I think I'd be better off if I said I didn't fix any bugs at all.

  • The Old New Thing

    Final remarks on LockWindowUpdate


    Now that you understand the intended purpose of LockWindowUpdate, I'm going to tell you why you don't want to use it, not even for its intended purpose!

    You have to go back to the historical context in which LockWindowUpdate was created. Rewind back to 16-bit Windows, specifically Windows 3.1. Back in these days, memory was expensive. Video drivers were pretty limited in functionality. There was no DirectX. There was no AlphaBlend function. All you had was a screen buffer. The LockWindowUpdate function let you take control over one window's portion of that screen buffer so you could apply your fancy effects to the window without that window's knowledge.

    It's been over a decade since Windows 3.1, and in the meanwhile, we gained DirectX overlays, regional windows, layered windows, alpha blending, desktop composition, all sorts of cool graphical effects that weren't available back in the old days. In particular, those layered windows and regional windows pretty much let you do nearly all of the stuff you would have wanted to do with LockWindowUpdate anyway. If you want to draw a highlight around a window, you can position a regional window around it. If you want to draw a drag image over a window, you can just create layered window and position it over the target window. Give the layered window a region and whatever fancy alpha channel you want, and let the graphics engine do the heavy lifting of alpha blending and composition. Even better, the layered window can extend outside the window you are dragging over, something that LockWindowUpdate can't do. (You can see this effect in Windows XP if you do a "select all" in an Explorer window and drag the entire selection around the screen. Notice that the drag image is not constrained to the boundaries of the window you are dragging over.)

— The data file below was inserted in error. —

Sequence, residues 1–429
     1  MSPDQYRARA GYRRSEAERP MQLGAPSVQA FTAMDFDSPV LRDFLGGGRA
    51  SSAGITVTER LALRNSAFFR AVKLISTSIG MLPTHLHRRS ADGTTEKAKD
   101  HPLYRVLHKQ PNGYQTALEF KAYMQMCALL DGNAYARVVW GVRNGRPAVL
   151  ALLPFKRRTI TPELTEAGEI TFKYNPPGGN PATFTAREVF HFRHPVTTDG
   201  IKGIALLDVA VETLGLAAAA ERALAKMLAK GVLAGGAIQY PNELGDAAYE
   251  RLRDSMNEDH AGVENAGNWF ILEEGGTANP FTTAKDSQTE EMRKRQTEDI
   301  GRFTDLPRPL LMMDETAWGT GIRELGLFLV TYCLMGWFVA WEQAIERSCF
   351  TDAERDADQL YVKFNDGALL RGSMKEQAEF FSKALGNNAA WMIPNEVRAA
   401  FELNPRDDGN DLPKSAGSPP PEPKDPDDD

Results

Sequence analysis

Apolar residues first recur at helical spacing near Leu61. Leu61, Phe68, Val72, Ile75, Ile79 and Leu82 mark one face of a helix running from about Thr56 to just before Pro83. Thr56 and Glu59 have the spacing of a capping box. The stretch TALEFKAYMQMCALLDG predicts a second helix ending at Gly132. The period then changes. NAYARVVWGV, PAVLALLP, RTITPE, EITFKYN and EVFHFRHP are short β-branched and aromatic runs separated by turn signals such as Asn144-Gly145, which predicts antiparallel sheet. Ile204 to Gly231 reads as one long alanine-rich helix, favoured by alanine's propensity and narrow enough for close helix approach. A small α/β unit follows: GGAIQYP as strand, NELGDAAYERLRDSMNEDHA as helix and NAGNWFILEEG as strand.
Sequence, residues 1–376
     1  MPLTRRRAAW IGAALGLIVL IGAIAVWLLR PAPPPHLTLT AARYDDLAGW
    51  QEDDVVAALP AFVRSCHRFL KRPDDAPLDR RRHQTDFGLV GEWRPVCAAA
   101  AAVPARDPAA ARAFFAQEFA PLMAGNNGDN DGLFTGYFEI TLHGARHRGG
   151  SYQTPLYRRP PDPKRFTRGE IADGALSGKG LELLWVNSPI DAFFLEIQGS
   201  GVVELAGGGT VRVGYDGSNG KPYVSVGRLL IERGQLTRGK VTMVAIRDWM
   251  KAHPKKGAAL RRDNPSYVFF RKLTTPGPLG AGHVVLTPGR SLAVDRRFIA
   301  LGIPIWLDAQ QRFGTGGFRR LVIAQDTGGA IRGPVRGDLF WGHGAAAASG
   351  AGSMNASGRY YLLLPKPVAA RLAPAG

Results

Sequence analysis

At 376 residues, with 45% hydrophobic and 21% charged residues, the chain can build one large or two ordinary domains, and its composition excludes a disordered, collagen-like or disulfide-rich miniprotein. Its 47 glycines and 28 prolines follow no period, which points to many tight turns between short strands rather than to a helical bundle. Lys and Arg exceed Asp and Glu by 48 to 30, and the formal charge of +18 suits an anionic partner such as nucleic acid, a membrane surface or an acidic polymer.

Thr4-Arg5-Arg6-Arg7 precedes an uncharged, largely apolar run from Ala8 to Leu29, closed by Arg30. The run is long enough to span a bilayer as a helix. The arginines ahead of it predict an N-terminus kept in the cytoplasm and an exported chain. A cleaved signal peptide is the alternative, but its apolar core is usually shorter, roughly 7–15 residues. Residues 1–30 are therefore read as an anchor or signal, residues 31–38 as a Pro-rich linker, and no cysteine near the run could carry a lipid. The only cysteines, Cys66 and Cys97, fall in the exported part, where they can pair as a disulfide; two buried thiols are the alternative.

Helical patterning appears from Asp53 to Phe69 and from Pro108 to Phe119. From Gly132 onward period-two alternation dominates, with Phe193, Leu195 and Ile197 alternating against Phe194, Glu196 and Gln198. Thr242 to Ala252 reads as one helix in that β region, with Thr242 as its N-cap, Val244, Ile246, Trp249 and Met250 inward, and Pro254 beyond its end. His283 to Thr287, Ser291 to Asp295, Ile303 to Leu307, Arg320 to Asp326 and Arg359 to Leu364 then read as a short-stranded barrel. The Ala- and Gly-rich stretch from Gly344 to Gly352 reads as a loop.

What's more, in the exciting new composited world of Vista's desktop window manager, LockWindowUpdate is even less desirable. Locking a particular window for update isn't so bad since the desktop window manager can just give you the backing bitmap for the window. But if you lock the entire screen (which I've seen may people do), the desktop window manager needs to compose all of the windows into an actual bitmap that it can give you when you call GetDCEx with the DCX_LOCKWINDOWUPDATE flag. The desktop window manager does composition on the fly with the help of DirectX and accelerated video drivers. The result of all this composition normally goes straight to the screen without actually residing in a "composited" bitmap anyway. But if you lock the screen and ask for a DC to it, the desktop window manager needs to emulate the old behavior and give you access to something that represents what you would have gotten if there were no composition in the first place. That ain't cheap.

    Epilogue. I'm not sure if this series was a success or not. My goal was just to help people use LockWindowUpdate more effectively and guide them towards alternatives when LockWindowUpdate is the wrong tool for the job. In other words, it's an article about LockWindowUpdate, not function documentation. I tried to keep the presentation light, but I guess my jokes fell flat, and people just used them as a springboard for negative comments.